The currency of independence

Bristol is best known for Banksy, Brunel – and soon, the Bristol Pound. If you haven’t heard of it yet, you will – it’s a fascinating experiment in local currency and local autonomy.

The way it works is that anyone can buy a Bristol Pound for one British Pound. That £B can be spent in participating businesses in the Bristol area – mostly owned and run by local people. The businesses can then pay their suppliers and staff in £B (and Bristol taxes and rates – even the mayor is paid in the local currency).

In Bristol there are £B cashpoints, a text to pay system, hundreds of participating businesses and there’s expected to be £B1.3million in circulation next year, helped by Bristol Council’s first major building project tender to be paid in £B. Keeping money circulating in the city has a multiplier effect on the local economy and gives the city a small but growing independence from the UK economy as a whole. It also tends to have a beneficial environmental impact, for example in reducing food miles by encouraging the consumption of local produce.

Interesting enough in itself, and very much in keeping with Bristol’s slightly anarchic, bohemian spirit. But it’s not the only example in Europe – the Rheingold currency based in Dusseldorf (though used by among others, an Ayurvedic health resort in Kerala and a theatre in New York) has been going since 2007, although as a voucher system it claims to be a non-currency. It’s hard to tell the difference in practice, of course. There are also UK schemes in Lewes, Brixton, then there are the Berkshares in the USA, Salt Spring Dollars in Canada and many other schemes around the world.

The city of Barcelona has been actively looking at introducing a more extensive, regional £B style local currency. It’s a fascinating response to the Spanish government’s refusal to discuss Catalan independence – more economic autonomy with its own currency could give the area some of the effects of secession without causing a major political fight. Given the massive support for independence from Spain in Catalunya (a referendum last year, though rejected by the Madrid government, produced 80% in favour) it might be expected that a Barcelona-based local currency would be instantly popular.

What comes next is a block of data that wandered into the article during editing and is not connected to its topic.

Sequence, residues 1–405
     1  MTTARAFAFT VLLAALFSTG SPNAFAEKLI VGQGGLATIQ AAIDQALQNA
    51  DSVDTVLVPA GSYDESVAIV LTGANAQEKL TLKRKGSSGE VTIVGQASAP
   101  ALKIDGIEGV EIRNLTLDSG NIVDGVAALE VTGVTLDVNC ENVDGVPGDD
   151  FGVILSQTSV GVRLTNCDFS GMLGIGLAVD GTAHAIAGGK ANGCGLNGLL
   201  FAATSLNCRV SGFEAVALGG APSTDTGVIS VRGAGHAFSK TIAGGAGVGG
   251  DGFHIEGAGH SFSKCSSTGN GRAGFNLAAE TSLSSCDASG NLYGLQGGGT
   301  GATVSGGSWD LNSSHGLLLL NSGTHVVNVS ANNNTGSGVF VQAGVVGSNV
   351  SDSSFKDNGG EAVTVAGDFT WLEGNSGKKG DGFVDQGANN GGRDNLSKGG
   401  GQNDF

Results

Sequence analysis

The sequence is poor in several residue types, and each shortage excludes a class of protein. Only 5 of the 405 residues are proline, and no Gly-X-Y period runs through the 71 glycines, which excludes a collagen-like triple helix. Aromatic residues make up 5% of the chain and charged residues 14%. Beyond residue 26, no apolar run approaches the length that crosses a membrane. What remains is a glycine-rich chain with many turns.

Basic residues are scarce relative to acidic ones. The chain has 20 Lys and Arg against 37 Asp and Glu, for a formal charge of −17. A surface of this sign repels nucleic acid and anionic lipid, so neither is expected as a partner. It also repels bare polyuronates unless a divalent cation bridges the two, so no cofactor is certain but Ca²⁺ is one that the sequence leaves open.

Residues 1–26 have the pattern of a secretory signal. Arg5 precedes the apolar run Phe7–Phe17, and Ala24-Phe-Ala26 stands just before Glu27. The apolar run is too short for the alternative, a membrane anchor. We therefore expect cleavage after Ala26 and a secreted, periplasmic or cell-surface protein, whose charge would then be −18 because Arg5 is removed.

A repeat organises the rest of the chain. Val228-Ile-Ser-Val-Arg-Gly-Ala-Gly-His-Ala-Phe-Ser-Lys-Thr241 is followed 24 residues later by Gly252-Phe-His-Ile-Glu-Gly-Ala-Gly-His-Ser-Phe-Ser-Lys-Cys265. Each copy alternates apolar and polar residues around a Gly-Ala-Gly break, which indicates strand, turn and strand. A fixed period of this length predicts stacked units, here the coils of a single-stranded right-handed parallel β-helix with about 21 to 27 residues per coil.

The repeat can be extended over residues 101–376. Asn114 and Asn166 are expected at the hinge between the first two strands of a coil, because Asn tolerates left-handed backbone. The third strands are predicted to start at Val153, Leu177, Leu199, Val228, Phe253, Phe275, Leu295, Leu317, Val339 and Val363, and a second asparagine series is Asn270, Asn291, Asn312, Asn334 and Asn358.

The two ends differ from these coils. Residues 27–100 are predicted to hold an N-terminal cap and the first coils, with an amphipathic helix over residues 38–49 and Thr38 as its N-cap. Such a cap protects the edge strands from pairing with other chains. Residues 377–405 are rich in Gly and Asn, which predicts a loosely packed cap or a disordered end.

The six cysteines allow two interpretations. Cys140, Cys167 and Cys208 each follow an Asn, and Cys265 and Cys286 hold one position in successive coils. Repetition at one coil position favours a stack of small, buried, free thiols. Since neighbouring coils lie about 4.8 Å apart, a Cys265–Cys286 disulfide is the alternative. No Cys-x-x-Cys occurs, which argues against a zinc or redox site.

As the Greek crisis has recently made very clear, a single currency area like the Eurozone may not be the best way to maximize economic efficiency for all its member regions. So why wouldn’t the Basque separatists in Spain do the same as Bristol or Barcelona? Or even Scotland, with an independent Scotland-only currency? It already has the banknotes, after all.

There is a case against local currencies. Being restricted to a smaller economic area means they can increase inflation by reducing competition. Lacking the high tech of larger currencies can more easily lead to counterfeiting. But perhaps the most compelling argument is that local (or community) currencies are voucher-based not legal tender, so cannot in theory be used for international (or even national) trade. Local currencies still have to be backed by a parent currency, which means they can never be truly independent.

But does all that matter? As Bristol has shown, community currencies can work. Barcelona may well be trialling one next year. How long will it be before a Eurozone nation starts a local currency of its own?

By Harry Henderson and Ian Henderson, first appeared in Chartered Banker magazine